Words by Robin Denselow
Aziza Brahim was born in the refugee camps of Algeria, an exile from her homeland in what the Saharawis call Occupied Western Sahara, the region from which they fled when it was invaded by Morocco in 1975. This is a conflict that the outside world seems to have forgotten and so Brahim, like other Saharawi musicians, is using her music to put that right. She no longer lives in the camps, for she managed to leave to study in Cuba and then to settle in Spain, but the struggle of the Saharawi people dominates this album.
The first track, ‘Gdeim Izik’ is an angry song about the protest camp that was set up in the disputed territory but pulled down by the Moroccans. ‘Manos Enemigas’ is another song of defiance, while ‘Lagi’ is a lament for refugees across Africa and the Middle East. The album is produced by Chris Eckman, famous for his work with Mali’s Tamikrest, and while there are desert blues tracks in this rhythmic acoustic set, there are also echoes of flamenco from Brahim’s Spanish musicians, and songs in which her fine, sturdy voice is backed only by hand percussion. Like her people’s cause, Aziza Brahim deserves recognition.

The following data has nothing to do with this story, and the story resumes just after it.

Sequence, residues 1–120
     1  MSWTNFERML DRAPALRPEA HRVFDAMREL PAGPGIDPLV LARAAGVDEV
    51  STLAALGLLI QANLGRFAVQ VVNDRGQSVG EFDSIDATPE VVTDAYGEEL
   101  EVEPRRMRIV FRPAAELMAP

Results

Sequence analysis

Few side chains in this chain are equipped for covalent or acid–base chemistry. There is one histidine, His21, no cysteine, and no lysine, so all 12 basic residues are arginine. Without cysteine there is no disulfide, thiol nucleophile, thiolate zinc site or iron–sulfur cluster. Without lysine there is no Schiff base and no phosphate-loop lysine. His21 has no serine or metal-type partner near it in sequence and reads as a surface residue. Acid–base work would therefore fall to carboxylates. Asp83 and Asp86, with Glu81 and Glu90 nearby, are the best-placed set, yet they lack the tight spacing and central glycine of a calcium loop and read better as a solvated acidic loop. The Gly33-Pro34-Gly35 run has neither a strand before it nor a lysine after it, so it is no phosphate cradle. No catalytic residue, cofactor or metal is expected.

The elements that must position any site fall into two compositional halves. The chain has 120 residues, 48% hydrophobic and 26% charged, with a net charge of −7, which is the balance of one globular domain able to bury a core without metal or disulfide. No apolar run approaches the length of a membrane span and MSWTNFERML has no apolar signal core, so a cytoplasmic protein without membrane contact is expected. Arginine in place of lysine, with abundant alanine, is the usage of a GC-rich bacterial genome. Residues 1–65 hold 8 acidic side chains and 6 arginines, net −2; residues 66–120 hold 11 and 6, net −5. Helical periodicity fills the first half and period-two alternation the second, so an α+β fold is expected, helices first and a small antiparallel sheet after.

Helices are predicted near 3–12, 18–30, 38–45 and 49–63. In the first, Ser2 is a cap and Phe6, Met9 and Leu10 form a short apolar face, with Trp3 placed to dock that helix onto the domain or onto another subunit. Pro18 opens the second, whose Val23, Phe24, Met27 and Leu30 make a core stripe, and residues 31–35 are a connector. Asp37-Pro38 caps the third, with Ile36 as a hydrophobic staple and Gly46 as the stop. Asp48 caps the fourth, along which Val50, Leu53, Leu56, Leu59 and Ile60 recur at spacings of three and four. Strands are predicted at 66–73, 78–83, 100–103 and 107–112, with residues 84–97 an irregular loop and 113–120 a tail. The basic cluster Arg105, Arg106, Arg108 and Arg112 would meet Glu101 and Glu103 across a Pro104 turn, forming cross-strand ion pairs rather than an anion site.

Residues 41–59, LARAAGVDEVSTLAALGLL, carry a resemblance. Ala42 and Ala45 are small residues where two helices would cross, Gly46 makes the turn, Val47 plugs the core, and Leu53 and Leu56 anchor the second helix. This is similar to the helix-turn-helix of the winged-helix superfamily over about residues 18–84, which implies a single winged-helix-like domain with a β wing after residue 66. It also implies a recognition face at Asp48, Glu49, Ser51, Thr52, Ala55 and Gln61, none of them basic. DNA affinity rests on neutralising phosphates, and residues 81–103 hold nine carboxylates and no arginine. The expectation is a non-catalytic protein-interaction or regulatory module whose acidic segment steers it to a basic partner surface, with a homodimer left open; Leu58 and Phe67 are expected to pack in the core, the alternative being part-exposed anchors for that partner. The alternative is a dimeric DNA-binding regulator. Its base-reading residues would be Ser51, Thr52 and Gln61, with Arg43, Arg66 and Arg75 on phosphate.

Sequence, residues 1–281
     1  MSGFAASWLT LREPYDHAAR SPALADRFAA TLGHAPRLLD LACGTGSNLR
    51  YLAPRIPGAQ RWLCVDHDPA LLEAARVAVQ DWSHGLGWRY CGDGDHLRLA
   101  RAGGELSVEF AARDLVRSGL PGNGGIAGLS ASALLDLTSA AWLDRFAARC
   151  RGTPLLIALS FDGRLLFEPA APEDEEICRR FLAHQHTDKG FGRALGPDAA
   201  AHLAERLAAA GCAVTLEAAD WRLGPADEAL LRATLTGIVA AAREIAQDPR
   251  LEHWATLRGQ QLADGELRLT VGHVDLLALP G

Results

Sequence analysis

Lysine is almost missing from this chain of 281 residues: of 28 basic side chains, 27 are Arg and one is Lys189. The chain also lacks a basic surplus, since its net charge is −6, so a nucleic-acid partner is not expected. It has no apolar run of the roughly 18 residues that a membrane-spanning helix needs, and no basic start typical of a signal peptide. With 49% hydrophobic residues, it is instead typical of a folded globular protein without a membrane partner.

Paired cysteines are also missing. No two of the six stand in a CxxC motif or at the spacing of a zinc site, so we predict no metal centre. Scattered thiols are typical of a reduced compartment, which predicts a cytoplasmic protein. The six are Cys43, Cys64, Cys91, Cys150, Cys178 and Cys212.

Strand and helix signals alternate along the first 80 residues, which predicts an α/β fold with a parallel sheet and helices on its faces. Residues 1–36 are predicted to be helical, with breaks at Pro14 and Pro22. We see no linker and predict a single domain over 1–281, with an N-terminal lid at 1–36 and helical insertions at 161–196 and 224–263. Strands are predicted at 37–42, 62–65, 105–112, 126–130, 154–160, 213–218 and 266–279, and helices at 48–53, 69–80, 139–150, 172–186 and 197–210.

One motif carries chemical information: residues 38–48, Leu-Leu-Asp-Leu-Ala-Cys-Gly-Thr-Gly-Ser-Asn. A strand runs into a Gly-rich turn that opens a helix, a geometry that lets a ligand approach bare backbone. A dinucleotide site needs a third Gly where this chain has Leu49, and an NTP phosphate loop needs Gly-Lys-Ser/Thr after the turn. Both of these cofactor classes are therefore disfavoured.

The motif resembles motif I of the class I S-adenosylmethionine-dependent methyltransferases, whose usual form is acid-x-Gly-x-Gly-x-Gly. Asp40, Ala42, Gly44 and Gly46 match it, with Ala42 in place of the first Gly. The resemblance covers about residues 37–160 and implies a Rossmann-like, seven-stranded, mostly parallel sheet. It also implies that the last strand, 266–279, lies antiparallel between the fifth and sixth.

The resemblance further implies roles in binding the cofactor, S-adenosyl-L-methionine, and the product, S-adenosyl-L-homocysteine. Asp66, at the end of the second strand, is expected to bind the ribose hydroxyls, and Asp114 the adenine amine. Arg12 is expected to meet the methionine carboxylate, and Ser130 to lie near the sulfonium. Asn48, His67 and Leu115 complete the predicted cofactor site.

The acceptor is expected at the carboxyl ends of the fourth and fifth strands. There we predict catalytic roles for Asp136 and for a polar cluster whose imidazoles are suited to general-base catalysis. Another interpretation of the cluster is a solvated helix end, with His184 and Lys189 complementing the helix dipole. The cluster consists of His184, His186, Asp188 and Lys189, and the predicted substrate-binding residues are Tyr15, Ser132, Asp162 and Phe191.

Track to Try: ‘Gdeim Izik’